Printer friendly version
The Mediterranean diet is definitively linked to quality of life
29 May 2012
The study has been published in the 'European Journal of Clinical Nutrition'.
For years the Mediterranean diet has been associated with a lesser chance of illness and increased well-being. A new study has now linked it to mental and physical health too.
The Mediterranean diet, which is characterised by the consumption of fruit, vegetables, pulses, fish, olive oil and nuts, has been proven to be beneficial to the health in terms of a lesser chance of chronic illness and a lower mortality rate.
A new study headed by the University of Las Palmas de Gran Canaria and the University of Navarra took the next step and analysed the influence of the Mediterranean diet on the quality of life of a sample of more than 11,000 university students over a period of four years.
"The progressive aging of the population in developed countries makes it even more interesting to find out those factors that can increase quality of life and the health of the population," as explained to SINC by Patricia Henríquez Sánchez, researcher at the centre in the Canary Islands and lead author of the study.
Dietary intake data was taken at the beginning of the study and self-perceived quality of life was measured after the four year monitoring period. In order to ascertain whether the Mediterranean diet was followed, consumption of vegetables, pulses, fruit, nuts, cereals and fish was positively valued whereas consumption of meat, diary products and alcohol was negatively valued.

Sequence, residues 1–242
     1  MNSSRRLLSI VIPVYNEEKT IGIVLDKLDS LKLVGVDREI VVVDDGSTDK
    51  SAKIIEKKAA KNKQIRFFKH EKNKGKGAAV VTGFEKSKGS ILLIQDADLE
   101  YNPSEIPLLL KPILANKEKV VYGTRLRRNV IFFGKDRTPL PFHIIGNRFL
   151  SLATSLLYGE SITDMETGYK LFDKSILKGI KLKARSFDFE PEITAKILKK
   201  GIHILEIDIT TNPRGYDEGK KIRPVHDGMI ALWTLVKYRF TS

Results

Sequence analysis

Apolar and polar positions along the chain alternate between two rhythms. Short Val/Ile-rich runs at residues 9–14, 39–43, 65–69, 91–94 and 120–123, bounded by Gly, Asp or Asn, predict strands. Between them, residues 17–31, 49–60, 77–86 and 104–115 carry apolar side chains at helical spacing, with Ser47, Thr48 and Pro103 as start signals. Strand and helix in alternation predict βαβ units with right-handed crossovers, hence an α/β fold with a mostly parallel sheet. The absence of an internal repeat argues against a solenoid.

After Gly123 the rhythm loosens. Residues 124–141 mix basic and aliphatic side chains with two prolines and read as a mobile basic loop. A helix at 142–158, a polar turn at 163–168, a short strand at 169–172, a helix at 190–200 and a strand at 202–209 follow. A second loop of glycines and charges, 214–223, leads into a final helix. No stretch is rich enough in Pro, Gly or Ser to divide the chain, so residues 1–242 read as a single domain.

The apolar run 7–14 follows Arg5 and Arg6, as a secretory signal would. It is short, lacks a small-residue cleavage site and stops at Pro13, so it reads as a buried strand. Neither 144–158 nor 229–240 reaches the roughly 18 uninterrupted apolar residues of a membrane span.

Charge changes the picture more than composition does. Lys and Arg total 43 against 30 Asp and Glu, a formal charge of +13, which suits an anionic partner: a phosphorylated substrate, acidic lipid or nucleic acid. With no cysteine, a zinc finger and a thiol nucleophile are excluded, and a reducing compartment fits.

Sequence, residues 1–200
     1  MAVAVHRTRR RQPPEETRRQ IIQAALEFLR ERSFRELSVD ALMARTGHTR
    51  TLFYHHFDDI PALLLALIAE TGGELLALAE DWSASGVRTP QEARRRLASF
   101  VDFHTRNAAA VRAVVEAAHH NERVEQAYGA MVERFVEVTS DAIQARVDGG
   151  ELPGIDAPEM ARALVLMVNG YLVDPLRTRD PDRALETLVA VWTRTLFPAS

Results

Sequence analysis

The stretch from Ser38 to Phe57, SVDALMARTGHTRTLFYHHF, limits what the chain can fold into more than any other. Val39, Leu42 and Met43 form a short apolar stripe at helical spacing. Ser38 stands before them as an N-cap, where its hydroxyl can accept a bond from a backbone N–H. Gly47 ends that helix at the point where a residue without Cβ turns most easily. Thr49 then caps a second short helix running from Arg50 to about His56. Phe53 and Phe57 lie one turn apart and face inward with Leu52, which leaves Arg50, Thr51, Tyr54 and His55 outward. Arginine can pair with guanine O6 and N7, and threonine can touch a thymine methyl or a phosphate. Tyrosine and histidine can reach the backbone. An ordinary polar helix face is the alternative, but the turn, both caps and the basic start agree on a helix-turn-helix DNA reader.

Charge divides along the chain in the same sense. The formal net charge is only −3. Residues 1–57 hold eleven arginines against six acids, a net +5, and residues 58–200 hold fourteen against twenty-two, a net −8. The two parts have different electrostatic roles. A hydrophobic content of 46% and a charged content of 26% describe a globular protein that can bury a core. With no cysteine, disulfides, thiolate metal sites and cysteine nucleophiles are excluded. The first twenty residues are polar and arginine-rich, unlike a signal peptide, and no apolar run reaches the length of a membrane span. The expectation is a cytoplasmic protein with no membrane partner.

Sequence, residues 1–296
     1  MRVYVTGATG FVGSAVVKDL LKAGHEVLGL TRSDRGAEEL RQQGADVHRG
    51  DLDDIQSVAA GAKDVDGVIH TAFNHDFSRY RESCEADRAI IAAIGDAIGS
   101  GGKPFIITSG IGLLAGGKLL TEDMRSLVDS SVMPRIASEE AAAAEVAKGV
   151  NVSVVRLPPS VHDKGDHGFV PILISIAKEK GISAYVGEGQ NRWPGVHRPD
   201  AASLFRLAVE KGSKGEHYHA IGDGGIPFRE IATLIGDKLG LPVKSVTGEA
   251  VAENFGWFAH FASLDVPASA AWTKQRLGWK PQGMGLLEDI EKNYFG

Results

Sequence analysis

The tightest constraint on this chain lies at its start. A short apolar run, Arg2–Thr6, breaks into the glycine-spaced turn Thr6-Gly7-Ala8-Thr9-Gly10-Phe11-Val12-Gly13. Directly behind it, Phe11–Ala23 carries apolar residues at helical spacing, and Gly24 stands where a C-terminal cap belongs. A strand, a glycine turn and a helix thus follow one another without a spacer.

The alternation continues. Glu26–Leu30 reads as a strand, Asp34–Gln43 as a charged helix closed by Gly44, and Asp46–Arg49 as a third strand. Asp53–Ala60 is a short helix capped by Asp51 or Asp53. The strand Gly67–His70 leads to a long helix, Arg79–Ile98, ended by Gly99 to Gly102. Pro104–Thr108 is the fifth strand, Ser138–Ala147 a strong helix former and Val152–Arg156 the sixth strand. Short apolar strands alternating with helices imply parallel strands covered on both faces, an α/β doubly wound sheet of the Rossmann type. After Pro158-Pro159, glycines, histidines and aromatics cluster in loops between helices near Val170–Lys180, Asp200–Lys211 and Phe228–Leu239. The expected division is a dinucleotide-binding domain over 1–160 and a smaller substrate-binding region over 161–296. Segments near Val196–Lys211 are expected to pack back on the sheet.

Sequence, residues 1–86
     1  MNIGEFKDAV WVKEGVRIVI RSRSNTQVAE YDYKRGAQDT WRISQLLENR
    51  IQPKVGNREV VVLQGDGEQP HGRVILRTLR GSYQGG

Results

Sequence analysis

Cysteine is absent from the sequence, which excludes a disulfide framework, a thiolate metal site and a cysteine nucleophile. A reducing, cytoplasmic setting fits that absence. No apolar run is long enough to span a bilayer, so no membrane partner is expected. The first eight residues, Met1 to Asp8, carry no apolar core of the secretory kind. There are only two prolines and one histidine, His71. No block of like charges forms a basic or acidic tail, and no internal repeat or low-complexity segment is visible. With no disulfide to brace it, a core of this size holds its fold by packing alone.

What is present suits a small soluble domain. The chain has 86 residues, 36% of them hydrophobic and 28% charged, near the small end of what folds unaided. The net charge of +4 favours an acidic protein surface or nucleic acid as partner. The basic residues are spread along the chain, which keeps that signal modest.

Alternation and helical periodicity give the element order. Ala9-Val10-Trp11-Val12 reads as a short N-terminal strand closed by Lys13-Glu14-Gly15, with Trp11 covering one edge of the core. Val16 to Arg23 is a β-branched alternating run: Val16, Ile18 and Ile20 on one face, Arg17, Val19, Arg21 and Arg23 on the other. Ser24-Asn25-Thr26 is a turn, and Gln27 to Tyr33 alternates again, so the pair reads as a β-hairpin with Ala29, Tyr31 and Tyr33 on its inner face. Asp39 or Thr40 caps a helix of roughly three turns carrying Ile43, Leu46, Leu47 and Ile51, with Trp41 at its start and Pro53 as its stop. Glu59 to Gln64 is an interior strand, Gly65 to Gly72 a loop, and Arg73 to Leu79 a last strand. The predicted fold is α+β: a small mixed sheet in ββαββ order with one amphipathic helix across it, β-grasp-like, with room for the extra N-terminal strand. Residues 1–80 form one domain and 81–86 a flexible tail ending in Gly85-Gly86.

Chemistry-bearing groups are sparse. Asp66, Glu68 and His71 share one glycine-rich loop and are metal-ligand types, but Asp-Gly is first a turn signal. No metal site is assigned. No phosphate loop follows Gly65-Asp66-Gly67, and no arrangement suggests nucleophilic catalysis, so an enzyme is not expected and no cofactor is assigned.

Published in the European Journal of Clinical Nutrition, the results reveal that those who stick more to the Mediterranean diet score higher on the quality of life questionnaire in terms of physical and mental well-being. This link is even stronger in terms of physical quality of life.
The Mediterranean Pyramid
Henríquez states that "the Mediterranean diet is an important factor associated with better quality of life and can be considered as a healthy food model." Its food pyramid combines food to be eaten daily, weekly and occasionally.
Main meals should never lack three basic elements: cereals, fruit and vegetables and dairy products. Furthermore, it must include a daily intake of 1.5 and 2 litres of water. Olive oil constitutes the main source of fat for its nutritional quality and moderate consumption of wine and other fermented beverages is recommended.
Furthermore, fish, lean meat and eggs are sources of high quality animal protein. Fish and seafood are also sources of healthy fats.
At the top of the pyramid are sugar, sweets, cakes, pastries and sweetened beverages that should be consumed occasionally and in small amounts.
Main meals should never lack the three basic elements: cereals, fruit and vegetables and dairy products. Image: SINC.